|Test debut||New Zealand v South Africa at Christchurch, Feb 27-Mar 1, 1932 scorecard|
|Last Test||New Zealand v England at Auckland, Mar 31-Apr 3, 1933 scorecard|
|First-class span||1922/23 - 1935/36|
The senior Test cricketer since Bob Wyatt's passing last year, Sir Jack Newman died on Sept 23, aged 94. He was the first New Zealander to reach the top rank direct from country cricket, in his case Nelson on South Island. Until the formation of Central Districts in 1950-51, players from minor associations outside NZ's four main cities had to pray for fair treatment from city selectors, but were often ignored.
Canterbury gave Newman, a left-arm medium-pacer, one match in Feb 1923, but he did not play any more first-class cricket for eight seasons, until chosen by Wellington. According to a contemporary, Newman was past his best by the time he made the Test team. He was picked, in 1931-32, a week after taking 10 for 96 in the match against Otago. On debut, he had 2 for 76 (amid a bad fielding display) against South Africa. Next season he went wicketless and was hit for three successive sixes at Auckland by Wally Hammond, en route to his Test-record 336 not out. His three Tests brought him 2 for 254 and 33 runs at 8.25.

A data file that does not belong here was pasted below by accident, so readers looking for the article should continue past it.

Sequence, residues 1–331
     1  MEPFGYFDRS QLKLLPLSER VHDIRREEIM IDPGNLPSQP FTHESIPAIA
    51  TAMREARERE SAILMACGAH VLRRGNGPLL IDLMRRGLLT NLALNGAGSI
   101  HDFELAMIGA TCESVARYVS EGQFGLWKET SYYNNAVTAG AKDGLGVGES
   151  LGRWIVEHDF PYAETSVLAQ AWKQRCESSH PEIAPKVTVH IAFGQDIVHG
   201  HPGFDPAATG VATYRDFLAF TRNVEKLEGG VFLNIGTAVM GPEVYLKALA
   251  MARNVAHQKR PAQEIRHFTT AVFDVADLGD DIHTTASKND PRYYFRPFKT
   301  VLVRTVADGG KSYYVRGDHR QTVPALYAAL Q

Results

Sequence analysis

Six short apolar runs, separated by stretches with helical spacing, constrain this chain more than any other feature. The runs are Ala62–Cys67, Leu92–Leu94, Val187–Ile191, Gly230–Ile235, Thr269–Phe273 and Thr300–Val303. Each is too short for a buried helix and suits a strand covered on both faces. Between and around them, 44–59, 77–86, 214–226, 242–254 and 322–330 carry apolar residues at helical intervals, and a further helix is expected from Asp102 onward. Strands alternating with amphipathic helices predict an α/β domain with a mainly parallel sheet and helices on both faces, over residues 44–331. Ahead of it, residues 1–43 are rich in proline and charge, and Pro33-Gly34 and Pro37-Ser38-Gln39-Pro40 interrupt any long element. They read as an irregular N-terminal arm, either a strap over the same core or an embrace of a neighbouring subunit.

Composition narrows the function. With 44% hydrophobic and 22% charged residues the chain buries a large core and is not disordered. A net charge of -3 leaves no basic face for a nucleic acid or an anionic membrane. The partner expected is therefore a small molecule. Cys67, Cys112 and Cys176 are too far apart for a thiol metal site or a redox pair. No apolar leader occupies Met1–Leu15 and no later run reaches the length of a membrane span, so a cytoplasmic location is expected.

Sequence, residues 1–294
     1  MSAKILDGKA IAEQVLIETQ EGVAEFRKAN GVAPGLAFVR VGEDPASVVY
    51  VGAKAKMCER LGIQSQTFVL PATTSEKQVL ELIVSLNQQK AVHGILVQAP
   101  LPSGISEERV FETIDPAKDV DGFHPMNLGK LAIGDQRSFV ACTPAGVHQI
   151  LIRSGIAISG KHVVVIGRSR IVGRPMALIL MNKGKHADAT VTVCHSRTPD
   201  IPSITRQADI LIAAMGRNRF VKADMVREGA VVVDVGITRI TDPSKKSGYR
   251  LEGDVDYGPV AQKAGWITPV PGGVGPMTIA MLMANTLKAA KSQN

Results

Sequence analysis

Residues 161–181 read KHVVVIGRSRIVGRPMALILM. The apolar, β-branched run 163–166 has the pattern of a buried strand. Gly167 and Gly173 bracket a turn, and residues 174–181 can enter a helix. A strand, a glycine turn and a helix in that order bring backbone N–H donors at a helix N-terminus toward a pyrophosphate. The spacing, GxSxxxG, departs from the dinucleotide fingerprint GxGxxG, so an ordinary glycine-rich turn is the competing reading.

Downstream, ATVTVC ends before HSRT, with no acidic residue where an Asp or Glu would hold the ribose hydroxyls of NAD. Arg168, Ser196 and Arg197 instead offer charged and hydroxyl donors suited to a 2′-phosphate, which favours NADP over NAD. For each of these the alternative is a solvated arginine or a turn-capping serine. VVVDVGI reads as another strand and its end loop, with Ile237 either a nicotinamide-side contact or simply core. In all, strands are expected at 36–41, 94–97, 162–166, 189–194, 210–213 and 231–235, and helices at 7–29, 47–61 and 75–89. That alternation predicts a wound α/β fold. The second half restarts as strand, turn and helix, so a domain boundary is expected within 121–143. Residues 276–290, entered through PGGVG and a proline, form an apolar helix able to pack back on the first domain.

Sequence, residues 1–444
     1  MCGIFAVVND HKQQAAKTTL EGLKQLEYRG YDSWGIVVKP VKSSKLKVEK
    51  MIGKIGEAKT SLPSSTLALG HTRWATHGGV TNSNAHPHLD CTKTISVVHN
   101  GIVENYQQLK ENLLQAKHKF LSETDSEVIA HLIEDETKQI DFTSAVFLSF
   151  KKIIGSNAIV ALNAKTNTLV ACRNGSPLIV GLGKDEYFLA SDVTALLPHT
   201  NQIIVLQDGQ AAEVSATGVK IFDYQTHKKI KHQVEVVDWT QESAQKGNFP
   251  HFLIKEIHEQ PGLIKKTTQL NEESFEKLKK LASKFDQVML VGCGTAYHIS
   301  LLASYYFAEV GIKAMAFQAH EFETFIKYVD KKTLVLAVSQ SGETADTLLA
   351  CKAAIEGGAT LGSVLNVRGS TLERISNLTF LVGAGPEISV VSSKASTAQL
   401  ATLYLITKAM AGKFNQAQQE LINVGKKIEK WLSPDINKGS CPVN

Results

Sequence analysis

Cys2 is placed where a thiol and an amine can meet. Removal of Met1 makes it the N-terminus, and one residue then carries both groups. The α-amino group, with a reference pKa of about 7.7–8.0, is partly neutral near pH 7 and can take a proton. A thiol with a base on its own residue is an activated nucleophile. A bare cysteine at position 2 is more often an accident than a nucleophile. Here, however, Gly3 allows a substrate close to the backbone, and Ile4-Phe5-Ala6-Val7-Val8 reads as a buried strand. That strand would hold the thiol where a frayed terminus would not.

A Test selector from 1958 to 1963, Newman was president of the NZ Cricket Council from 1964 to 1967. His striking trophy - kauri stumps and greenstone ball - goes to the junior administrator of the year.
Newman joined a small family firm and was managing director by 1930. Its airline division became Air New Zealand's main domestic rival, and eventually turned into Ansett NZ.
Knighted in 1970, Sir Jack Newman leaves four daughters from his marriage to Myrtle.
Terry Power, Wisden Almanack 1997